This study reported both parasite eradication and pre- and post-treatment symptom comparisons. Other variables such as enema retention time were measured to investigate the possible factors contributing to efficacy. There are a number of limitations of this study, such as the relatively small sample size and lack of control group. Also, patients were followed-up for duration of six weeks while a longer follow-up period may give us information of late symptom return. Moreover, further studies with larger sample size and a control group could provide broader understanding of the treatment efficacy.

Overall, this study showed a significant achievement in both parasitic eradication and improvement of clinical outcomes which points to the use of combination therapies with an alternative delivery as first line of therapy. Larger scale randomised controlled trials could help improve efficacy and so symptom resolution.

ARTICLE HIGHLIGHTS
Research background

Blastocystis hominis (B. hominis) and Dientamoeba fragilis (D. fragilis) are the two anaerobic protozoa which can be found in the intestinal tract of humans and can be transmitted via faecal-oral contact. Patients infected with these parasites can experience symptoms similar to those with irritable bowel syndrome such as abdominal pain, constipation, bloating or diarrhoea. The infections caused by the intestinal protozoa are global problems in both developed and developing countries and can cause considerable morbidity in the younger population.

Research motivation

A high failure rate has been observed with use of single drugs such as metronidazole in the treatment of B. hominis and D. fragilis parasitic infections, thus this has led to the development of novel combination therapies.

Research objectives

This study aimed to investigate the effect of combined antibiotics administered via enema infusion to eradicate D. fragilis and B. hominis and to determine their effect on resolution of symptoms.

Research methods

A retrospective, single centre longitudinal study was conducted between 2017-2018 on patients 18 years or older, who were positive for D. fragilis, B. hominis or both. Triple antibiotics were infused over two days through rectal enema. Faecal specimens were screened for parasites from patients at baseline and six weeks after completion of treatment. Symptoms were recorded at three days, seven days and six weeks after the treatment. Patient demographic data were also collected to identify any confounding variables within the study population.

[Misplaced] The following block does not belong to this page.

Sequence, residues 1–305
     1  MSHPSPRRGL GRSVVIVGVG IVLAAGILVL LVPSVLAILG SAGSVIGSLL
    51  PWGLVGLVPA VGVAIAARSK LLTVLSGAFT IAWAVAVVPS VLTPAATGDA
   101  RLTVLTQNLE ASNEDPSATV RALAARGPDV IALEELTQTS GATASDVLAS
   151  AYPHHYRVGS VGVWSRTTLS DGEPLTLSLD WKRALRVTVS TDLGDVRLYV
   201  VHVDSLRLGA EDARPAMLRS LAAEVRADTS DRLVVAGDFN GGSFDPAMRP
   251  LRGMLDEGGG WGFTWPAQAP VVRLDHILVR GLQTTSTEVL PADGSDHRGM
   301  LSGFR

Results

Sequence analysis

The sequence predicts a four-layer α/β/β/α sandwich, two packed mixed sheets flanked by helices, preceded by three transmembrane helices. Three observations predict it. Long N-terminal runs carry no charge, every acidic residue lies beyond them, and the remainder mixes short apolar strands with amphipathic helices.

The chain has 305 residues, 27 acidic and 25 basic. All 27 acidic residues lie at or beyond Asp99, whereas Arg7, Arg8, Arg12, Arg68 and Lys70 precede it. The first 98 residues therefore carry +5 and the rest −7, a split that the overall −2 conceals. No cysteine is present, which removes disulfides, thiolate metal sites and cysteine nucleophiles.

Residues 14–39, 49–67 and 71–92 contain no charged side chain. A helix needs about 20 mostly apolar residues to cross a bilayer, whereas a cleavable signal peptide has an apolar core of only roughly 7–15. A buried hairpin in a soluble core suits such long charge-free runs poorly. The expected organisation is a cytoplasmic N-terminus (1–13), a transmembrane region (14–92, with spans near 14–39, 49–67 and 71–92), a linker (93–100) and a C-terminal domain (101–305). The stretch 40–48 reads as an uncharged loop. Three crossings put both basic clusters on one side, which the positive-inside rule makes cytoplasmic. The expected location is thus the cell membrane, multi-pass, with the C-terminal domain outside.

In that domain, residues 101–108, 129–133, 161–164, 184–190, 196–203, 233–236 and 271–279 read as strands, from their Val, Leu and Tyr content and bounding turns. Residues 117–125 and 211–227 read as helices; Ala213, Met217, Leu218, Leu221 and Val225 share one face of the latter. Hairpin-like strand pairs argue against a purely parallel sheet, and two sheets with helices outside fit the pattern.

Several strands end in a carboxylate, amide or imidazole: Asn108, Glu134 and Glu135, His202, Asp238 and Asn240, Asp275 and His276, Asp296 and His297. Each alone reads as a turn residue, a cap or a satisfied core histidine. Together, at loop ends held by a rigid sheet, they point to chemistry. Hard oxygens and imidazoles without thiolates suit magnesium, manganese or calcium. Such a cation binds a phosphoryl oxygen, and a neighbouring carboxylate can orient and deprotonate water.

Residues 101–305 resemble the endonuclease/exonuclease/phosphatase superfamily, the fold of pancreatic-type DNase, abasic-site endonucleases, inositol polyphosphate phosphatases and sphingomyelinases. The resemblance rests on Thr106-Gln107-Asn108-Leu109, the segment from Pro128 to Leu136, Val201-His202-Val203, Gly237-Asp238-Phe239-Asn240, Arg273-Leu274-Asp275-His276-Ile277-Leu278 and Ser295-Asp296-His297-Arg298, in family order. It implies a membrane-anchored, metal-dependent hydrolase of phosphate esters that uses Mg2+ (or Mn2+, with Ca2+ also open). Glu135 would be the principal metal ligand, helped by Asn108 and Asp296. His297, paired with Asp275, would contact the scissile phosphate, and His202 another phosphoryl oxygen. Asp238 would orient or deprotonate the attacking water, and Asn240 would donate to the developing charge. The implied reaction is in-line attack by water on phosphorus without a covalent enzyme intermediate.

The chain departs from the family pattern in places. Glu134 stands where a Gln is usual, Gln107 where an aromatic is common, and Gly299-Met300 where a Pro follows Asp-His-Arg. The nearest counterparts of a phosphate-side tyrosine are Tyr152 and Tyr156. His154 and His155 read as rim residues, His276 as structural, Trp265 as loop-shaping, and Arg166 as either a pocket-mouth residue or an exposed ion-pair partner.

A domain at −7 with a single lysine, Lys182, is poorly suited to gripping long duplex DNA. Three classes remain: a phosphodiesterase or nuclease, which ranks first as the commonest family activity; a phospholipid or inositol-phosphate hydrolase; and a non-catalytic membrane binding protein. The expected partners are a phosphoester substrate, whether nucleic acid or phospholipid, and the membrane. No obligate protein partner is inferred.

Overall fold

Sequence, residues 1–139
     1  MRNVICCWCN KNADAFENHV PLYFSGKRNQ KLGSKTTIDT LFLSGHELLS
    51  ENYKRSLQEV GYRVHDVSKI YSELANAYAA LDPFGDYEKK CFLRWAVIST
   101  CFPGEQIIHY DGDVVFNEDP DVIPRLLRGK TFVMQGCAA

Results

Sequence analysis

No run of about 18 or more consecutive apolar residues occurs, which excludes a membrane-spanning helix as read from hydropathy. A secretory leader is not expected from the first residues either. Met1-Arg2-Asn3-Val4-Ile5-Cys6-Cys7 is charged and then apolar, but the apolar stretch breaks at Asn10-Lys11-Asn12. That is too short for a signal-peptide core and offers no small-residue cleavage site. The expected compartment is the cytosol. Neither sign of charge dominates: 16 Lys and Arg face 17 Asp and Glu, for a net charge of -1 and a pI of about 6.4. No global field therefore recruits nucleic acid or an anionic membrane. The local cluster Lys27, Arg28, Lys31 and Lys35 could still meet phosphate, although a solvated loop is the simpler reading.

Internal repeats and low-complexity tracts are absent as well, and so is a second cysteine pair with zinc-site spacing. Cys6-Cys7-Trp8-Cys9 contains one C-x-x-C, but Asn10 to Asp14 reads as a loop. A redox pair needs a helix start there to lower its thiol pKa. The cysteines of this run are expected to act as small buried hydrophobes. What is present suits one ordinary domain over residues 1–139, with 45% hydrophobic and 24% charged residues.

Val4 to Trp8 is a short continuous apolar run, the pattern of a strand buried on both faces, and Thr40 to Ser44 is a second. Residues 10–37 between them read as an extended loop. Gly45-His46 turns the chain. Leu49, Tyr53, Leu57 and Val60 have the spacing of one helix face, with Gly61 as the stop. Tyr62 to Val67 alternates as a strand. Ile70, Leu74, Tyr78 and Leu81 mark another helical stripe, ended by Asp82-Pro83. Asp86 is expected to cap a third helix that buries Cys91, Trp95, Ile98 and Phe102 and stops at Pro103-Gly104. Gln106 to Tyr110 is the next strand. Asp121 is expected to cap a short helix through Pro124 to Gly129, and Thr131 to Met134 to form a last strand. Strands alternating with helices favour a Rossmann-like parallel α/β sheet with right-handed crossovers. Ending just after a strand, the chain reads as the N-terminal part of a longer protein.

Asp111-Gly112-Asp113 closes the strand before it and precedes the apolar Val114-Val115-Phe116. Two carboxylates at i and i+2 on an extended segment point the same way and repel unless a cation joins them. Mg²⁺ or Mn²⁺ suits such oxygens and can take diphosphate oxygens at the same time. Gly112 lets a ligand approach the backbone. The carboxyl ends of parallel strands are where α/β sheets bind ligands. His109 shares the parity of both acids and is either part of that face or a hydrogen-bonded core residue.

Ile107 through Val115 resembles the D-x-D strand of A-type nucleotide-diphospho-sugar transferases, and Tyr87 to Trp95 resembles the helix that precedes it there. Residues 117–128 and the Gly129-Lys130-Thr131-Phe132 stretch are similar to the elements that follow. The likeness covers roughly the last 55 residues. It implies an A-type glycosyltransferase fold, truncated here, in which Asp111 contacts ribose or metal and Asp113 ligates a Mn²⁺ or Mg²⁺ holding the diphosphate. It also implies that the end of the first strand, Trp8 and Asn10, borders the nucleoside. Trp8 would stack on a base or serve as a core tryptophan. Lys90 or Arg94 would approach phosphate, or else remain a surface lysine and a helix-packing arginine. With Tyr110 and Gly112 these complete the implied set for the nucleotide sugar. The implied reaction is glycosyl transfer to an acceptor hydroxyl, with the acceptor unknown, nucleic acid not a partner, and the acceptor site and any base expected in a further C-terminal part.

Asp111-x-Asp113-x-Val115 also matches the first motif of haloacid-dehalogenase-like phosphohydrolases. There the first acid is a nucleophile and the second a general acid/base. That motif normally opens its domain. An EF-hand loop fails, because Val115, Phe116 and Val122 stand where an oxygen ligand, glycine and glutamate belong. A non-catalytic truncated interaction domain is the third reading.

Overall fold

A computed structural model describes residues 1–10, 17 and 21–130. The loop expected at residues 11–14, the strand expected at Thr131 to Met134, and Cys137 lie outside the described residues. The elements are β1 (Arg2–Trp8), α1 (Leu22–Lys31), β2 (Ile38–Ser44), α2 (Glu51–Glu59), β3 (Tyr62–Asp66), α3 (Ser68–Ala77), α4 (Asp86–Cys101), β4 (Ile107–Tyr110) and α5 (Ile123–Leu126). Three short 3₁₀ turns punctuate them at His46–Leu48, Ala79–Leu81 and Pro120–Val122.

Research results

The results showed that the majority of patients (79%) showed complete clearance of parasites post-antibiotic enema infusion treatment. Improvement was observed in major clinical symptoms such as abdominal pain post-treatment. The most common side effects experienced were urine discolouration, which improved following the treatment.

Research conclusions

A significant achievement in both parasitic eradication and improvement of clinical outcomes were observed, with minimal side effects. These points to the use of combination therapies via enema as a potential first line of therapy for parasite eradication.

Research perspectives

In order to better understand the effect of antibiotic combinations and mode of administration in eradication of B. hominis or D. fragilis infections, further prospective randomised studies are required.

Footnotes

Manuscript source: Unsolicited manuscript

Specialty type: Gastroenterology and hepatology

Country/Territory of origin: Australia

Peer-review report’s scientific quality classification

Grade A (Excellent): 0

Grade B (Very good): B

Grade C (Good): C

Grade D (Fair): 0

Grade E (Poor): 0

P-Reviewer: García-Elorriaga G, Manenti AS-Editor: Liu M L-Editor: A E-Editor: Ma YJ